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If a piece of a biblically forbidden food (such as a piece of pork), falls into a bowl of meat. We all know the rule, it's batul bshishim. How about a piece of food which is only rabbinically prohibited (a food that contains דברים מעמידים such as cheese). If the cheese would fall into a bowl of other cheeses, would the same laws of bitul apply regarding the shishim part. Or would we be even more meikel, because the food itself is only rabbinic?

  • Is the bowl hot? Is the rabbinic prohibition עיקרה מן התורה? – Double AA May 29 '14 at 3:59
  • I don't understand your case. Is this Lach beLach on Min beMino or is it Yavesh beYavesh on Min besheEino Mino? – Double AA May 29 '14 at 4:46
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Assuming I understand your question correctly, batel b'shishim applies to both rabbinically and torah prohibited foods. It's basically the ratio at which chazal felt a tiny quantity of food became relevant.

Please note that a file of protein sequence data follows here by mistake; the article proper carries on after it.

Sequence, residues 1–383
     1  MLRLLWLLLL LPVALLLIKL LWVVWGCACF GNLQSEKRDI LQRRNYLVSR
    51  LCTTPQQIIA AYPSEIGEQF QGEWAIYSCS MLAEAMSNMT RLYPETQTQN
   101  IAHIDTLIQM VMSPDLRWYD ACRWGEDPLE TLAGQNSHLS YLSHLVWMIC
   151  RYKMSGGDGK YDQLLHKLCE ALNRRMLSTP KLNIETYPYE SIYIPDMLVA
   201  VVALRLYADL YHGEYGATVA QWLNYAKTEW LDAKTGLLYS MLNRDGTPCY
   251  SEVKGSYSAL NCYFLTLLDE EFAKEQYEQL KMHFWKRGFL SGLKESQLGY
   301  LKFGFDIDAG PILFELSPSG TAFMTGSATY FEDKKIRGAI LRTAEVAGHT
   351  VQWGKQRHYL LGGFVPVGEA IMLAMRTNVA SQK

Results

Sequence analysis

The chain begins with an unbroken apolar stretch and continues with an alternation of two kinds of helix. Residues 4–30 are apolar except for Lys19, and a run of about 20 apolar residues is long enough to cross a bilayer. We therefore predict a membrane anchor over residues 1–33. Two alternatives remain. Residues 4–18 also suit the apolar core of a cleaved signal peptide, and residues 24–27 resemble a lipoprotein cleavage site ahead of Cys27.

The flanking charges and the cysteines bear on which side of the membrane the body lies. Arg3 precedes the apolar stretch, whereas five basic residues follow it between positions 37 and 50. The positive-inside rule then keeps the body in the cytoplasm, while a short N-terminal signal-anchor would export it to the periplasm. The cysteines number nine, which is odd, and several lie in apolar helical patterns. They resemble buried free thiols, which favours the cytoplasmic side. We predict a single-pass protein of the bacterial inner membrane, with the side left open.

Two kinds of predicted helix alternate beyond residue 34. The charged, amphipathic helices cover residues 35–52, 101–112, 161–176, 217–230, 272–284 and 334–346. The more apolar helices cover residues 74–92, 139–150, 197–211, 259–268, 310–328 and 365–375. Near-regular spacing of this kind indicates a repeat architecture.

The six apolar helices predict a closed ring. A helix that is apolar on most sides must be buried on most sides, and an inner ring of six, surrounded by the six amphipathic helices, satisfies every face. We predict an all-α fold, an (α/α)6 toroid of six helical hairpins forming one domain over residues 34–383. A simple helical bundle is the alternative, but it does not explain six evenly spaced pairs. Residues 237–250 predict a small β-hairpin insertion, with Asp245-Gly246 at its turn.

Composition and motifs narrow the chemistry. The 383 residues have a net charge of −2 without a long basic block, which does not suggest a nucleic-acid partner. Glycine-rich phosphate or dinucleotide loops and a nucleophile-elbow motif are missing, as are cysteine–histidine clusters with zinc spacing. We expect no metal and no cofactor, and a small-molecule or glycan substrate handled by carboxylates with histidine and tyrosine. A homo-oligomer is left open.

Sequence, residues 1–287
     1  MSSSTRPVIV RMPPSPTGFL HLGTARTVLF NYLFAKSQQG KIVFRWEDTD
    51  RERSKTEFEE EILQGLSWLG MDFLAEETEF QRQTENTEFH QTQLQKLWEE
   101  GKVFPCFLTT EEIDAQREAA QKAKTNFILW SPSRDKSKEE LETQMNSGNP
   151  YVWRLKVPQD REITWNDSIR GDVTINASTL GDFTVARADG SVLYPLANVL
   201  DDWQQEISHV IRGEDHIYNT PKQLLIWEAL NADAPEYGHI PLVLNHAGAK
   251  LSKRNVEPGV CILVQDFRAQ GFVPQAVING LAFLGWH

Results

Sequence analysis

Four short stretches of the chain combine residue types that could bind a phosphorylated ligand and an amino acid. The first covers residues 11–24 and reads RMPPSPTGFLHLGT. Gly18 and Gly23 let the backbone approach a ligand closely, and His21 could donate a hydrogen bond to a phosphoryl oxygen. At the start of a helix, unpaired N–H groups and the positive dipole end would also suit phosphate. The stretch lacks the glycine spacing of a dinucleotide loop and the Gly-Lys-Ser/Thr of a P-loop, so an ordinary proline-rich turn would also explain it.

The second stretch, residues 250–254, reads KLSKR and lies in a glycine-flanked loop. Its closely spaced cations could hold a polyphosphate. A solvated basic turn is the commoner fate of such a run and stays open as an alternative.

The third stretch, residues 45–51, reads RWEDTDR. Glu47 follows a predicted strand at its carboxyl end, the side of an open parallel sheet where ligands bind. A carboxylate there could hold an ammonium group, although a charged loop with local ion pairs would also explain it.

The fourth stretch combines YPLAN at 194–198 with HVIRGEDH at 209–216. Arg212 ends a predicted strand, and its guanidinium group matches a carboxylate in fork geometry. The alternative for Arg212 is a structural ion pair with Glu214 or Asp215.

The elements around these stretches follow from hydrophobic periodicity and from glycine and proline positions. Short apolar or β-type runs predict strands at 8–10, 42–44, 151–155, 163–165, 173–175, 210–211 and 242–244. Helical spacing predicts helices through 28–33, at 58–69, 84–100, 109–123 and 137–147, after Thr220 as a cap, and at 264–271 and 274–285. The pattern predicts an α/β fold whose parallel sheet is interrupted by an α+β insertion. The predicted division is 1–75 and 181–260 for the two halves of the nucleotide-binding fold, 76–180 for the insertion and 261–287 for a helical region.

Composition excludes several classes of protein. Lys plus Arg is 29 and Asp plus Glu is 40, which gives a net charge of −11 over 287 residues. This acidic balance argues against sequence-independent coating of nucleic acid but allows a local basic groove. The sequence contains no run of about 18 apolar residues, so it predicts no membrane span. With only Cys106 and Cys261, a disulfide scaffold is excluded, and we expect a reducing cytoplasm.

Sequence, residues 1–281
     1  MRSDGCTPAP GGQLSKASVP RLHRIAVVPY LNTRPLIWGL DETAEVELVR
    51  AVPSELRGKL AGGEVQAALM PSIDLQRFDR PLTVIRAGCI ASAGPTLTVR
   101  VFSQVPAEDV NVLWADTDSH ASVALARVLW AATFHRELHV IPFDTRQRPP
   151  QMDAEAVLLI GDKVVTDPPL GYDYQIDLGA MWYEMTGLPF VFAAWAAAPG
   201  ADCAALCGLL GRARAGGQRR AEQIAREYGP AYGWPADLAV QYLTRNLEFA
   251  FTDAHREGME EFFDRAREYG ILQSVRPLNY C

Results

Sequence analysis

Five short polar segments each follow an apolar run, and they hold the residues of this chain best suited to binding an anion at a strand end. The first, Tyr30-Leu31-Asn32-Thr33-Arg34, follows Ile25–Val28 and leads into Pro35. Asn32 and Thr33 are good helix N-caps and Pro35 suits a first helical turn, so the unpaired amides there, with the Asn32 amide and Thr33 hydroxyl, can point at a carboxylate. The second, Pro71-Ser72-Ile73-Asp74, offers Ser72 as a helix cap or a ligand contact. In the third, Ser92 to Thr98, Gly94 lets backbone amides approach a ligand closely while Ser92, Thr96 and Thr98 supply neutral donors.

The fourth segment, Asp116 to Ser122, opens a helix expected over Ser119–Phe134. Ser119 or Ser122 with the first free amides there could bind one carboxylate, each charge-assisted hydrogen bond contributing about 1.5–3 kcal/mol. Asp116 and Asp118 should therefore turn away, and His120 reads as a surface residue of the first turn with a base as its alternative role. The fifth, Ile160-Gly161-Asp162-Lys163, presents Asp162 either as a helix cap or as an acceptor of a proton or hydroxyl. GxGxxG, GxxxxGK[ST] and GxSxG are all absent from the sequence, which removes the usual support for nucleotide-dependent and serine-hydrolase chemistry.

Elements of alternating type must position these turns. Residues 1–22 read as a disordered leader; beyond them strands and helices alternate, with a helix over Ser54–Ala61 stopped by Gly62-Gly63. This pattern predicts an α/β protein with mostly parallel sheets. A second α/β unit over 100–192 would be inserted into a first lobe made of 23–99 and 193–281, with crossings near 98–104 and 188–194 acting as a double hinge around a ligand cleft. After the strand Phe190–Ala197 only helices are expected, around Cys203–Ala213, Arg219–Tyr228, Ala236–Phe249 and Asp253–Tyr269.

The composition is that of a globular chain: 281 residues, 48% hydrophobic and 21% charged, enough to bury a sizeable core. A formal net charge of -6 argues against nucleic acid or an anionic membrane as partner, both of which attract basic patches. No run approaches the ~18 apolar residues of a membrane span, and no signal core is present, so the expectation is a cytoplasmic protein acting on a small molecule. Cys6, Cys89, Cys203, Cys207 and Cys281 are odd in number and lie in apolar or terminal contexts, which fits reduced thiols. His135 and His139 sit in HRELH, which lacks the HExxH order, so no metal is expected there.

However keep in mind it only applies to food when you can't separate the two foods. If a piece of non-kosher cheese fell into a bowl full of pieces of cheese, I see no reason why you wouldn't just pick it out.

  • If they are all the same color. Then you wouldn't be able to tell them apart – David Feigen Jun 15 '14 at 7:51
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    That would be an issue of Rov, not batel b'shishim. – PopularIsn'tRight Jun 21 '14 at 21:44
  • Well if the issue is rov then the cheeses are forsure kosher because rov of the cheese is kosher. – David Feigen Jun 22 '14 at 9:36
  • @Bachrach44 I'm really confused; I thought batel b'shishim generally only applies to bosor b'cholov (=kosher and kosher mixtures), not taruvos (=kosher and non-kosher)? – SAH Feb 12 '18 at 13:18
  • @SAH It applies to taaruvot. 60 is the quantification of how much taste spreads, so it is used whenever we have a case of ta'am k'ikar. (There are a few exceptions, I'm ignoring them for now). See Mishnah Chullin 7:4-5 and Yoreh Deah 98 (especially the rema in 98:1). – PopularIsn'tRight Feb 12 '18 at 20:37

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